DSDP Leg 96 drilled four sites in a channel-levee-overbank system on the Mississippi Fan, Gulf of Mexico, approximately 300 km from the present Mississippi River Delta in water depths of about 2500 m (Sites 617, 620, 621 and 622). Apart from the uppermost 20–25 cm of Holocene marly foraminiferal ooze in most of the drilled sites, the entire cored intervals are in the Pleistocene Ericson Y Zone. Eight sedimentary facies are recognized: (1) biogenic oozes and muddy oozes; (2) calcareous muds; (3) clays and muds; (4) silty muds and muddy silts; (5) silt-laminated muds; (6) silts and sands; (7) muddy gravels and pebbly muds, and (8) gravels. Sediment accumulation rates on this part of the fan during the Wisconsin glaciation were as much as 11 m/1000 yrs, although most of the sediments probably accumulated from discrete, geologically instantaneous events. Site 621 and Site 622 are located within a prominent channel, Site 617 on an adjacent levee, and Site 620 in overbank deposits approximately 18 km northeast from the channel sites. In this part of the fan, there is one prominent high sinuosity channel, asymmetric in cross section and flanked by levees with probable ridge-and-swale topography. Near these drill sites, the channel width is 3–4 km and its bathymetric relief ranges from 25–45 m. Downfan, the dimensions of the channel decrease. Site 617 (to 191.2 m sub-bottom) and Site 620 (to 422.7 m sub-bottom) mainly comprise fine-grained, thin-bedded turbidites, with Site 617 tending to be slightly coarser grained and showing considerably more evidence of wet-sediment deformation. Site 621 (to 214.8 m sub-bottom), in the channel axis near the deepest part of a meander, contains mainly muds with a downhole increase in the silt content above 195 m sub-bottom, where pebbly muds overlie clean gravel that was obviously washed during core-retrieval and probably was a sandy gravel or gravelly sand. Site 622 (to 208 m sub-bottom) shows similar lithologies to Site 621 although the sediments generally contain more silt, and towards the base of the hole become thoroughly laminated silts and sandy silts: pebbles within muds and silts occur at 199 m sub-bottom. Based on overall grain size trends over tens of metres, the channel sites show ill-defined fining-upward sequences, whereas the levee and overbank sites show coarsening-upward sequences, although the upper part of Site 617 is a fining-upward sequence. Biogenic components of sediments at the channel sites are dominated by shallow-water benthic foraminifera derived from the continental shelf, with the coarser grained clastic intervals containing reworked late Cretaceous planktonic foraminifera and radiolaria from the Upper Mississippi River Valley. The levee and overbank sites have a larger percentage of Quaternary radiolaria, pelagic algal cysts, and more planktonic foraminifera than the channel sites. Seismic reflection profiles across this most recent fan channel show high-amplitude reflectors in the lower part of the channel fill, thought to correspond to the coarsest grained channel lag deposits. Isopach maps show that the lag deposits are up to 6.5 km wide, slightly more than 200 m thick, and that the northernmost meander belt has migrated about 2 km laterally, 1.2 km downfan, and has climbed 175 m stratigraphically (Kastens and Shor, 1985; Sterling et al., 1985). Evolution of the meander belt shows features common to point-bar migration in high sinuosity fluviatile systems. While the location of Sites 617, 620, 621 and 622 have been drilled within a middle fan environment, the width/depth ratios and the fact that this channel is a single conduit in this part of the fan, perhaps suggest a more appropriate comparison with many inner or upper fan environments that have been described in the literature.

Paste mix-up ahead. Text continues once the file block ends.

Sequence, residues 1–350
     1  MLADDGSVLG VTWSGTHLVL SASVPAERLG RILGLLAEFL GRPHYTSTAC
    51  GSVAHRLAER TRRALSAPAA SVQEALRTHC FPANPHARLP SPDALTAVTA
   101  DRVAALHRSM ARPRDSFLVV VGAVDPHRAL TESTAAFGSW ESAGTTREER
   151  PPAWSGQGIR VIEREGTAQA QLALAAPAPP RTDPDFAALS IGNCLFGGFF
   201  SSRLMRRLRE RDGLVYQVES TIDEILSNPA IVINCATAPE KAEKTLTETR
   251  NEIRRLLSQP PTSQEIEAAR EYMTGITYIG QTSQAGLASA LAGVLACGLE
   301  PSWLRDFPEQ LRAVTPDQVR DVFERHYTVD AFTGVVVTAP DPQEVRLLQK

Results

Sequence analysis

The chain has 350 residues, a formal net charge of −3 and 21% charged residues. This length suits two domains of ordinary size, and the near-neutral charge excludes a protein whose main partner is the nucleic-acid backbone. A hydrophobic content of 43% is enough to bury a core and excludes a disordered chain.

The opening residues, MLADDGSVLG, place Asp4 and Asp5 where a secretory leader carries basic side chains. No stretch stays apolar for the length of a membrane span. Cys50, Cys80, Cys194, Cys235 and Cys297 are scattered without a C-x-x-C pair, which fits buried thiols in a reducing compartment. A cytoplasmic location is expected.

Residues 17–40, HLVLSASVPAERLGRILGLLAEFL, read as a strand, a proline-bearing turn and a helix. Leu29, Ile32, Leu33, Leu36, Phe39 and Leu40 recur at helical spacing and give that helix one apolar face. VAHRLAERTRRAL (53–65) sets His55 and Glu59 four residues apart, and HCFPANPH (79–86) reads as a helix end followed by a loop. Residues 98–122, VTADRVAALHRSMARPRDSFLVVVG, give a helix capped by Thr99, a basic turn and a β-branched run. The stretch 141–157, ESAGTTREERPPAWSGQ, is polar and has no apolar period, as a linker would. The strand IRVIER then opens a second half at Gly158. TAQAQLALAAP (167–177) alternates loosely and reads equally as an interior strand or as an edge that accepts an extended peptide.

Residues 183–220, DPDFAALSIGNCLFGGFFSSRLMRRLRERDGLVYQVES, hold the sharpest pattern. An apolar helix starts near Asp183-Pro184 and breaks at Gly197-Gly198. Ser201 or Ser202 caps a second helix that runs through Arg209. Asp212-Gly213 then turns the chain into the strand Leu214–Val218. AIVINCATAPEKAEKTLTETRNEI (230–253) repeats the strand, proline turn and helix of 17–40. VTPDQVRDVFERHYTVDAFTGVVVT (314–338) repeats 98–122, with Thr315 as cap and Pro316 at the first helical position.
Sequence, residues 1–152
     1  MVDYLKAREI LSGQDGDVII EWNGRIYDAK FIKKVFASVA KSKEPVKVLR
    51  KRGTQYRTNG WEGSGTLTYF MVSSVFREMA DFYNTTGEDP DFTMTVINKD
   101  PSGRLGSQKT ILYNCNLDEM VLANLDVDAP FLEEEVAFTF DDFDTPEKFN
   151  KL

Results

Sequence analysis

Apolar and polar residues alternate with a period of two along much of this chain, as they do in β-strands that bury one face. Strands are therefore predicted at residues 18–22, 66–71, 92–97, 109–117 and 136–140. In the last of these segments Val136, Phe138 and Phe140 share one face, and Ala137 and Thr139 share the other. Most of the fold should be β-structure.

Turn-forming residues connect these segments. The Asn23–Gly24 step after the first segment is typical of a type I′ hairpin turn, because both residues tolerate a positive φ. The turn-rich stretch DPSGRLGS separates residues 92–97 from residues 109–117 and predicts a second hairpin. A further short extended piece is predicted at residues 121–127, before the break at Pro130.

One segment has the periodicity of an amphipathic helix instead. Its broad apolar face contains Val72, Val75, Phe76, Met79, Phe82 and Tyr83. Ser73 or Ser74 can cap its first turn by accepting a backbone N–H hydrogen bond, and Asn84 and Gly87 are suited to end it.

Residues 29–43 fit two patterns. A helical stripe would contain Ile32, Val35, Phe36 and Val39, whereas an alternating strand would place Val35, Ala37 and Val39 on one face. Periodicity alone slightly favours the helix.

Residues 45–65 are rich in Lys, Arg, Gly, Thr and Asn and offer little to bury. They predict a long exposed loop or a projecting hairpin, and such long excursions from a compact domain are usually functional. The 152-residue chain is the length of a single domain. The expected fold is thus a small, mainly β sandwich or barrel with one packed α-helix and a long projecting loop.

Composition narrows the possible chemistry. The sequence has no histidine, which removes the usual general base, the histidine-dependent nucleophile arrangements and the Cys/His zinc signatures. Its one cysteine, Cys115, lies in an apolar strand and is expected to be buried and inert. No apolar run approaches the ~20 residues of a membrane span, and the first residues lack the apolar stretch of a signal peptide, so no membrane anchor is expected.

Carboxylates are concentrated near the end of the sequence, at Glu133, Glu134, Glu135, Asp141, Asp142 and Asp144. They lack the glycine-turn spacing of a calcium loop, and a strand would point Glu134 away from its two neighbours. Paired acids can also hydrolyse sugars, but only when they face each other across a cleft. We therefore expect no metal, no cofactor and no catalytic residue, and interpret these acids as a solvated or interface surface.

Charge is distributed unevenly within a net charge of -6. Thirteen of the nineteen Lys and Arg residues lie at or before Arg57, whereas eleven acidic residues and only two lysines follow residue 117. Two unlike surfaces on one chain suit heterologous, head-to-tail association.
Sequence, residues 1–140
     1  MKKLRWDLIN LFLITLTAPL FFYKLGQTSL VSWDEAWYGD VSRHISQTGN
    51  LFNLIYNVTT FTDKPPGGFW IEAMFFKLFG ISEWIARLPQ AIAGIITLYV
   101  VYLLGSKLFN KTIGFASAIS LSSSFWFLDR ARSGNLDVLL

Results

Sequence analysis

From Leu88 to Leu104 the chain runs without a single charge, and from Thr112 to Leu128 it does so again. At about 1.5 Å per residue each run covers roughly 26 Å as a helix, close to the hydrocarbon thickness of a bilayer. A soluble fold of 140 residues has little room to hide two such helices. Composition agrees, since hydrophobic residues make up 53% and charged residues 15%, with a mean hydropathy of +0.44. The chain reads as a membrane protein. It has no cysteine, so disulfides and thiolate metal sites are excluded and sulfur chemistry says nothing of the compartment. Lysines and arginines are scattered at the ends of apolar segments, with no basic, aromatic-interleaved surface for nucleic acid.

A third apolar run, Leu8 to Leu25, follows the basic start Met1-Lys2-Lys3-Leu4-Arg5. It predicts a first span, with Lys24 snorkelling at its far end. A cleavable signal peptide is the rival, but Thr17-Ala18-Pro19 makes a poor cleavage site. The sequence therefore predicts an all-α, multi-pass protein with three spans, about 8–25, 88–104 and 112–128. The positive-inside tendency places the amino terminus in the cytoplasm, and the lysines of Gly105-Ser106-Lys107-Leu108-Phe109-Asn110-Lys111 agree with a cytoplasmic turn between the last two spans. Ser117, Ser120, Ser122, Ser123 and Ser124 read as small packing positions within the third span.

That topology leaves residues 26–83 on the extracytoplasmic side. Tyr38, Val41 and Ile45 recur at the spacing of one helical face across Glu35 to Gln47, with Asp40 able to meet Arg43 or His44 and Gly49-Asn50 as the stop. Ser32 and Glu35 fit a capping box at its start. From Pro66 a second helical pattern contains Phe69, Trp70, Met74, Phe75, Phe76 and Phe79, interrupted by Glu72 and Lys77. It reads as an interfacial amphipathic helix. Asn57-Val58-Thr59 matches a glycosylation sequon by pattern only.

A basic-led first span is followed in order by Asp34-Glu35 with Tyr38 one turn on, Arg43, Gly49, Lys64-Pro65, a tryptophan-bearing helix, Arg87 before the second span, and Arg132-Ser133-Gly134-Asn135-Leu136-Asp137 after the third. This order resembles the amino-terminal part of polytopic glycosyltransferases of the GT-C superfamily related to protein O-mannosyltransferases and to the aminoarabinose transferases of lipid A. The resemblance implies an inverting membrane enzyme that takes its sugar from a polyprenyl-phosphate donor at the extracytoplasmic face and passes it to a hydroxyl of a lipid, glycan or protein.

Pickering, K., Coleman, J., Cremer, M., Droz, L., Kohl, B., Normark, W., O'Connell, S., Stow, D., & Meyer-Wright, A. (1986). A high sinuosity, laterally migrating submarine fan channel-levee-overbank: results from DSDP Leg 96 on the Mississippi Fan, Gulf of Mexico. Marine and Petroleum Geology, 3(1), 3-18. https://doi.org/10.1016/0264-8172(86)90052-8